Negative Effects of AI

When you think about the negative impacts of artificial intelligence, your mind inevitably goes to something you’ve probably seen in a science fiction movie. Robots. Killer AI It’s a cliché, really, but the AI that I’m talking about today is less overt in nature.

Artificial intelligence algorithms are now being used for everything from child welfare to recidivism rates. If incorrect data are used, or if the algorithm has an underlying bias, then the results could be disastrous for those on the receiving end of the decision.

Within the workplace, AI can cause flaws in recruiting decisions, causing employers to avoid hiring qualified women and minorities. Amazon was courageous enough to come out last fall and share its own challenges with this process. Though some have disparaged the company for its results, I believe sharing the cautionary tale is a laudable act on the company’s part if it helps other firms realize the challenges that may exist.

Positive Effects of AI

At the same time, the positive opportunities presented by AI simply can’t be ignored. In a recent podcast interview with IBM’s Distinguished Engineer Lisa Seacat Deluca, she explained to me that the best way to create unbiased algorithms is to have a diverse team creating the software. This prevents groupthink and helps the team to think through outcomes for a variety of diverse individuals, not just a single group.

Let’s look at a few use cases for how AI can help in the workplace:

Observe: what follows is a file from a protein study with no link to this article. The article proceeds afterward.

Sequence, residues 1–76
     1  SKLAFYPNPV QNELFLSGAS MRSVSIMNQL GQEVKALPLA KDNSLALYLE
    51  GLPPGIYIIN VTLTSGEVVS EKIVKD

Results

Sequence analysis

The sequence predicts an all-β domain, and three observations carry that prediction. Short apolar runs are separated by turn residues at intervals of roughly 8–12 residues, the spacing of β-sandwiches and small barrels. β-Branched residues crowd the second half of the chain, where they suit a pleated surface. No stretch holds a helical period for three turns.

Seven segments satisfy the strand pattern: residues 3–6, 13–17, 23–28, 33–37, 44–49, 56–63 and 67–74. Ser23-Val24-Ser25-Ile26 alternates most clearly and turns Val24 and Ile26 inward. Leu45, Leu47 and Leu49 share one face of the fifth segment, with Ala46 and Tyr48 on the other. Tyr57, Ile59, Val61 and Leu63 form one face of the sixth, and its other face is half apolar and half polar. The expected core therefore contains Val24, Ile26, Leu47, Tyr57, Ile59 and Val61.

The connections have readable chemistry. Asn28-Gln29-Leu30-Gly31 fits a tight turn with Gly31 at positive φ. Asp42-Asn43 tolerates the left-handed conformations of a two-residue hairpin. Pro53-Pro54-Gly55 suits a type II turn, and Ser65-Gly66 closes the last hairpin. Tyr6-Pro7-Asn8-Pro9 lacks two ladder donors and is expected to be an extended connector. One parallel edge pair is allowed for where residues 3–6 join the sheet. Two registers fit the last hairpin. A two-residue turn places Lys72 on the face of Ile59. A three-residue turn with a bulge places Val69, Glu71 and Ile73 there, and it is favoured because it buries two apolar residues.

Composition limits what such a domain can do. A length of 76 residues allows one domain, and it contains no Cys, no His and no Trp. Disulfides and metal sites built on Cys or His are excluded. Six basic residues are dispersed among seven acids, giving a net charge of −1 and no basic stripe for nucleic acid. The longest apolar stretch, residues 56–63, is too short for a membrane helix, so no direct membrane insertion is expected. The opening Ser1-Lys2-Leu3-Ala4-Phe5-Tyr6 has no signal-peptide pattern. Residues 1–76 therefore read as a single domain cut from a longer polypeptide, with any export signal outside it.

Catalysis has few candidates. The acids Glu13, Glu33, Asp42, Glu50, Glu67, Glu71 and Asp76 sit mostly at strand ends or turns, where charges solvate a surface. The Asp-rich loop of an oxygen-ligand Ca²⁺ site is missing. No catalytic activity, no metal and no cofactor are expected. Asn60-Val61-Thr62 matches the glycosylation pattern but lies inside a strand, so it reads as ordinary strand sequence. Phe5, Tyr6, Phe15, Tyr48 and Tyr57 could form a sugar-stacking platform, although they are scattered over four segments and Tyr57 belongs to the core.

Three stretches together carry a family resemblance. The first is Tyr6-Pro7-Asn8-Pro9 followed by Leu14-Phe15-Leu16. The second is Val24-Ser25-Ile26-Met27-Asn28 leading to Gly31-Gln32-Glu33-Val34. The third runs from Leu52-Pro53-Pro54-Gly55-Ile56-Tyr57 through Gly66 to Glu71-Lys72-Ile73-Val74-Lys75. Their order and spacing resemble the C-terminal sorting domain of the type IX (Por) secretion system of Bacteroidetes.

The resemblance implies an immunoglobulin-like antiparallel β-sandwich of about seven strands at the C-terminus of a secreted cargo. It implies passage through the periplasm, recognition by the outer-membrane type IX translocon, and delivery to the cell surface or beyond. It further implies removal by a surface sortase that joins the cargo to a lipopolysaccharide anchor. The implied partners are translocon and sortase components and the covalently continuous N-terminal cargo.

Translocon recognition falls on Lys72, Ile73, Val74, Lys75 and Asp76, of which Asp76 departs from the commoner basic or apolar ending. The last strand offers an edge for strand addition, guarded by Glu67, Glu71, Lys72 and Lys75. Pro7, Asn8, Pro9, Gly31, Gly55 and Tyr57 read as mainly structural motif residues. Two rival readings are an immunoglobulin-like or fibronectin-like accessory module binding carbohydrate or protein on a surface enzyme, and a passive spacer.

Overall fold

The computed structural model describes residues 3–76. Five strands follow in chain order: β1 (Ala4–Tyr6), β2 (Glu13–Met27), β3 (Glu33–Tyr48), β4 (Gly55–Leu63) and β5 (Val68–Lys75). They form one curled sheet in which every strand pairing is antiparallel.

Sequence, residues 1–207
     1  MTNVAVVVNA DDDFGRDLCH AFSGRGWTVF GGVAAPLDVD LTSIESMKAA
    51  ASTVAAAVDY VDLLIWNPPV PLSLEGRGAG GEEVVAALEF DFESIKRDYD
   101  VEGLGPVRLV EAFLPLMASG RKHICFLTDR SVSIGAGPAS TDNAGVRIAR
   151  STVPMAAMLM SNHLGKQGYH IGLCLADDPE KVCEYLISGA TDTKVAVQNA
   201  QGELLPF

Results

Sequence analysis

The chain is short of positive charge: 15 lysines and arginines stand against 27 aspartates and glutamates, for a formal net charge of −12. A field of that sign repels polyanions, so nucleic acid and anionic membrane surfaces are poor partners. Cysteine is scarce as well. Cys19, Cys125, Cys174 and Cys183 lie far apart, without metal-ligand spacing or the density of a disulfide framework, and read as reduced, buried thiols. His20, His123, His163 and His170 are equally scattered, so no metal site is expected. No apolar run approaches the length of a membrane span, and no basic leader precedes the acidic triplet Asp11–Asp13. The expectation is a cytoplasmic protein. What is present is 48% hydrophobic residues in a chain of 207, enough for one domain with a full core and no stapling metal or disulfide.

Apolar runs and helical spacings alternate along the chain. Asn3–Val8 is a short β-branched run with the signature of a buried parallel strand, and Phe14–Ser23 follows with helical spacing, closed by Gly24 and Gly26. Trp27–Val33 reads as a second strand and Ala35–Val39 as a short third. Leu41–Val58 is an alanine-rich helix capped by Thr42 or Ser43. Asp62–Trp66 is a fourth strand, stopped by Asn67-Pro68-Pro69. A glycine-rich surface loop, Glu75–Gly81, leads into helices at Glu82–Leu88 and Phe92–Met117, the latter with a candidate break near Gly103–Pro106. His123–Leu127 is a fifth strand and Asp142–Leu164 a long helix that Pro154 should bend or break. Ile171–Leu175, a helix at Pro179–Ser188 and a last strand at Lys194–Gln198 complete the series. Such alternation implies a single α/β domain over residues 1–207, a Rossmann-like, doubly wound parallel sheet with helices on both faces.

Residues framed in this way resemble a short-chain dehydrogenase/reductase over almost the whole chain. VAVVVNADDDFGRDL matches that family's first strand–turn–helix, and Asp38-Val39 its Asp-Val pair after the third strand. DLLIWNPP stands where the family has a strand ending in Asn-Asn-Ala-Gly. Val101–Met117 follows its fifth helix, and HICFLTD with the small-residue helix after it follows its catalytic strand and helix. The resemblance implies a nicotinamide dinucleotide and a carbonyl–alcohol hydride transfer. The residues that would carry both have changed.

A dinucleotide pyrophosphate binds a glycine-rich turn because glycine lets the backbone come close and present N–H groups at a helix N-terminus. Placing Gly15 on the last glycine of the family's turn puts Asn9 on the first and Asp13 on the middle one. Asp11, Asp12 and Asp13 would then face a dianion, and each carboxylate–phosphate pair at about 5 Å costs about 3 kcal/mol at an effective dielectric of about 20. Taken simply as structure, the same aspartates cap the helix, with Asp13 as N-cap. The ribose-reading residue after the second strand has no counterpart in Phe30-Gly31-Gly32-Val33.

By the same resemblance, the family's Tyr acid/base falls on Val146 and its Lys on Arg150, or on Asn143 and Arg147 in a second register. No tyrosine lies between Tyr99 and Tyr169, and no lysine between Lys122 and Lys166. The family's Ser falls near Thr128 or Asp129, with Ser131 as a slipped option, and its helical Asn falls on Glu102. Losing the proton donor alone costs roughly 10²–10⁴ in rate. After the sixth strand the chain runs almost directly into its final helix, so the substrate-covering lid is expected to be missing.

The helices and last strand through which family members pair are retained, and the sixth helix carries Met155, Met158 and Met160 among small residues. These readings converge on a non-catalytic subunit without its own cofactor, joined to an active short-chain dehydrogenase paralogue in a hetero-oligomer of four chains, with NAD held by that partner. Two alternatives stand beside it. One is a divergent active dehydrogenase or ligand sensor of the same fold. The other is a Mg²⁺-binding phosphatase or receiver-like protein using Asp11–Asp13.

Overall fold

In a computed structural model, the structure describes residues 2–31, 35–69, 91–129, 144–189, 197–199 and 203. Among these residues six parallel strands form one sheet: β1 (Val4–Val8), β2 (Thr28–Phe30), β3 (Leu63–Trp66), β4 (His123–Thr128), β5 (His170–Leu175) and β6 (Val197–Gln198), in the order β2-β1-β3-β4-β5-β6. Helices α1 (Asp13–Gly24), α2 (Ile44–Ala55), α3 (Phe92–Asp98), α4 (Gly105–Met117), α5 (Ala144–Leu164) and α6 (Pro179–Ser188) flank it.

• Uber uses an algorithm to set pay rates and schedule shifts for drivers, which allows it to cut the gender pay gap by half of what it is in the open market, improving pay equity for the more than 2 million drivers across the globe.
  • Unilever utilizes automated assessments and asynchronous video interviews to find talented, diverse college graduates to join its team. Moving away from a purely human-driven approach has increased diversity and candidate satisfaction.
  • Last fall I coached a startup in the HR Technology Conference “Next Great HR Tech Company” competition. The firm uses a chatbot to consume employee feedback surveys and performance review data to help coach managers on their individual performance issues, developing them into better leaders. If we developed all leaders, including diverse ones, then we would see more representation in the C-suite than we do today.

As you can see, the value in having an unbiased approach can lead to better outcomes on a range of factors, including diversity. That’s because machines are really great at certain things, but they’re terrible at others. That’s where humans come in.

The Core Human Skills of Work

When we look at history, every time automation has happened the resulting jobs are more human than the ones before them. We automate the more “robotic” components of the job, leaving it fundamentally changed. This means jobs will continue to shift into more human components, and soft skills will become key traits for employers to develop and seek. In researching dozens of sources, I found a core set of skills that we need to prioritize as employers so we don’t get tackled from behind by this algorithmic era.

Those skills include compassion, collaboration, creativity, critical thinking, and curiosity. I share more about them in this article, if you want to learn more, but it’s essential that we look for ways to develop these skills in ourselves and in our teams. Work is an essential component of being human, and these core human skills will set us apart from the AI, algorithms, and bots for the foreseeable future.